Perhaps the most famous of Australian SLAP‘s roster is the actress playing Anouk, the Ashkenazi Jewish TV executive, who boy-toys it up with a rising actor/rock musician (Oliver Ackland). It’s Essie Davis, unlike anything her U.S. TV fans are used to seeing. She’s a stunning 41-year-old woman rife with problems, phobias and an amorous urge spectacularly realized in a rather graphic sex scene (naturally played down in the After School Special American edition). Apparently, she has learned much sophisticated boudoir expertise from her Phyrne Fisher alter ego (or, to paraphrase the Geico ad, “Anouk know where Anouk go!”). It should also be mentioned that her character was interpreted in the American tame-lame series by its most famous cast member, Uma Thurman; it also seems likely that Thurman watched the Australian episodes, as she seems to be deliberately doing an Essie Davis impression (or Zombie-Anouk, as Thurman is minus the nuances of authentic emotion).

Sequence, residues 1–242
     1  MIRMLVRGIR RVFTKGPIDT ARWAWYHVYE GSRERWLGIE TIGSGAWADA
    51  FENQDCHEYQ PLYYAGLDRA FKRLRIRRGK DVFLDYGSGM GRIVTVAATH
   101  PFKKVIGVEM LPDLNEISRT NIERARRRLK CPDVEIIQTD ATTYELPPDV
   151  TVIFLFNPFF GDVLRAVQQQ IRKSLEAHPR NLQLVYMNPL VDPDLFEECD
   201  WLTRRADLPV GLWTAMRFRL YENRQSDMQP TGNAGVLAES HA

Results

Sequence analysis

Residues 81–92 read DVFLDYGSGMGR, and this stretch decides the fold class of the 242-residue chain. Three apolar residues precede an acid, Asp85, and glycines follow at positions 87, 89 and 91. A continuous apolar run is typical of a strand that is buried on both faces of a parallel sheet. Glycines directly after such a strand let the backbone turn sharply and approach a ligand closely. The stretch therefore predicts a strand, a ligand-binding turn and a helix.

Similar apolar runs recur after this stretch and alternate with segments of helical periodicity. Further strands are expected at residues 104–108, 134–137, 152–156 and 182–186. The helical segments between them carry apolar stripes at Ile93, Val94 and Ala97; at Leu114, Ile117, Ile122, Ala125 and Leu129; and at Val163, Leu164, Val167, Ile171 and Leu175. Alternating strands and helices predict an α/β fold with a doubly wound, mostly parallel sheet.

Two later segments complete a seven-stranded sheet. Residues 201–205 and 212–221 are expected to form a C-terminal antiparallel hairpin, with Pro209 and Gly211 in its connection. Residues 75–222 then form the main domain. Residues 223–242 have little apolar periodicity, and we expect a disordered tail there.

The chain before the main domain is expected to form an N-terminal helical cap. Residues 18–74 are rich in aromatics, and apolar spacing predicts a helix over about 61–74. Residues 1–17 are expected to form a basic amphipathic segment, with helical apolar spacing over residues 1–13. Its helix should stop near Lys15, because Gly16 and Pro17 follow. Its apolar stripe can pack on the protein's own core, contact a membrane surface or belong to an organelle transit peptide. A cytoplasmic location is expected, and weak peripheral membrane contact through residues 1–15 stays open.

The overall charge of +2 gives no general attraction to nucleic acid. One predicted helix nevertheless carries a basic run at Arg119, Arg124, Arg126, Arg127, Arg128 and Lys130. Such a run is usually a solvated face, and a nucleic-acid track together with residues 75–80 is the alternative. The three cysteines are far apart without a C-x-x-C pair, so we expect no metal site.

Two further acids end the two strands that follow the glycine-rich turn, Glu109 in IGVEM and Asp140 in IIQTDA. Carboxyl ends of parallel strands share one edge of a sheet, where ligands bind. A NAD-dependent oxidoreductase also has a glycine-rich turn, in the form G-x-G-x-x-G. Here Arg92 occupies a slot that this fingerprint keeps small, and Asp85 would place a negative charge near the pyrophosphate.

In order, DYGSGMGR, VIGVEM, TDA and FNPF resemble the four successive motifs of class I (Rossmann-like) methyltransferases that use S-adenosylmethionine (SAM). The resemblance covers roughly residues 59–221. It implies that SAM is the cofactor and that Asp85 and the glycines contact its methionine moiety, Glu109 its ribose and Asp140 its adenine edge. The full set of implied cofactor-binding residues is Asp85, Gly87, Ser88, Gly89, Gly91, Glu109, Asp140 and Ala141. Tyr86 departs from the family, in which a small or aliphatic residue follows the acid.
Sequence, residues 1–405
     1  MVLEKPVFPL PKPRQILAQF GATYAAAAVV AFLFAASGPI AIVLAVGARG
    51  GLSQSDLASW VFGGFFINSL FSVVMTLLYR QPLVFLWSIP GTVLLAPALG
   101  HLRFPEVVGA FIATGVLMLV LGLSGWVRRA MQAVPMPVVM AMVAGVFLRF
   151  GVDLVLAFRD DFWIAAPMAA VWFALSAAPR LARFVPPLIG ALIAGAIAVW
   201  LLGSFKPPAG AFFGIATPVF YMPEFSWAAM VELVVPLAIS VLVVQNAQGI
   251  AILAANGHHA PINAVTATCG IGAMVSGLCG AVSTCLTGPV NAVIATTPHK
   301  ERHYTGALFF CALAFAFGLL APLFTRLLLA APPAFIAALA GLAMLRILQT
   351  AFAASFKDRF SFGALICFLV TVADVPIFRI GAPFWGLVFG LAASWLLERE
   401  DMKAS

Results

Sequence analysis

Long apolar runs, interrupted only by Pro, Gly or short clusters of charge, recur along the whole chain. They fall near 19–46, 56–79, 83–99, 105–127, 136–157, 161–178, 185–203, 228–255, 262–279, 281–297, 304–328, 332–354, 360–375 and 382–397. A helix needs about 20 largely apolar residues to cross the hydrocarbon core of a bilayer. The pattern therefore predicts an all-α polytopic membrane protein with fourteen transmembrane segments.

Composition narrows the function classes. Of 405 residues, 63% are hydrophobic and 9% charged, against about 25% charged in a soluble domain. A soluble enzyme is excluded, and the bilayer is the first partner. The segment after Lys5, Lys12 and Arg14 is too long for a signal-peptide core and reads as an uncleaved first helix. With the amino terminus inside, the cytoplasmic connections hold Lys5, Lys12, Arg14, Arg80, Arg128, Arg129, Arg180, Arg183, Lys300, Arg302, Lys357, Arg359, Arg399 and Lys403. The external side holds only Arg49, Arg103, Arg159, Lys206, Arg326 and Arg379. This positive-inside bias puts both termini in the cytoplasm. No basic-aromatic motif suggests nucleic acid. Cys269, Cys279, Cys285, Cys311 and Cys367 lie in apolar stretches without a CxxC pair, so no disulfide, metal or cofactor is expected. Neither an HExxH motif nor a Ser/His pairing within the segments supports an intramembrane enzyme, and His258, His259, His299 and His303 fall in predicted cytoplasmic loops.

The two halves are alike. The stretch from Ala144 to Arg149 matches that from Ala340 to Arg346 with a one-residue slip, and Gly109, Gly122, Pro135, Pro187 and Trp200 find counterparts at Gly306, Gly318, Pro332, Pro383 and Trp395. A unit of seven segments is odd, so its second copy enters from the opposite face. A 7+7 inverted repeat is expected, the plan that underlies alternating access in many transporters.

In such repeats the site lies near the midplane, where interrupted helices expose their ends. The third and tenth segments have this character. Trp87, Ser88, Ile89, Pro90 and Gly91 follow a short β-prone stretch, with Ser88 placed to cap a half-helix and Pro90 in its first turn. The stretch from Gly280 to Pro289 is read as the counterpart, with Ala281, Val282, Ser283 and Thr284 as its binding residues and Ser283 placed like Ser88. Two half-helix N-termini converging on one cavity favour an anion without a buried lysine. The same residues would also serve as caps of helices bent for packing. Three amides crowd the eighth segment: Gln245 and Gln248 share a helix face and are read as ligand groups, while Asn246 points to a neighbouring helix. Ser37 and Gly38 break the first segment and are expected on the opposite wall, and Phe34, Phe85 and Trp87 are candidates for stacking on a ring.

THE SLAP is broken up into eight episodes, each chronicling one of the main characters: Hector (the beleaguered, weak husband, LaPaglia); Anouk (the Essie Davis character); Harry (the slap-happy mofo who instigates the entire mess, Dimitriades); Connie (the nubile babysitter with the overactive libido, aka, Lowe); Rosie (the Melissa George horrible mom); Manolis (the aging patriarch of the Greek clan, yearning to touch a young woman’s breasts once more before he dies – a reasonable request, believably enacted by Lex Marinos); Aisha (Okonedo’s unhappy spouse, who flirts with slipping into adultery); and Richie (Connie’s closeted boyfriend with a penchant for Internet stalking, Blake Davis).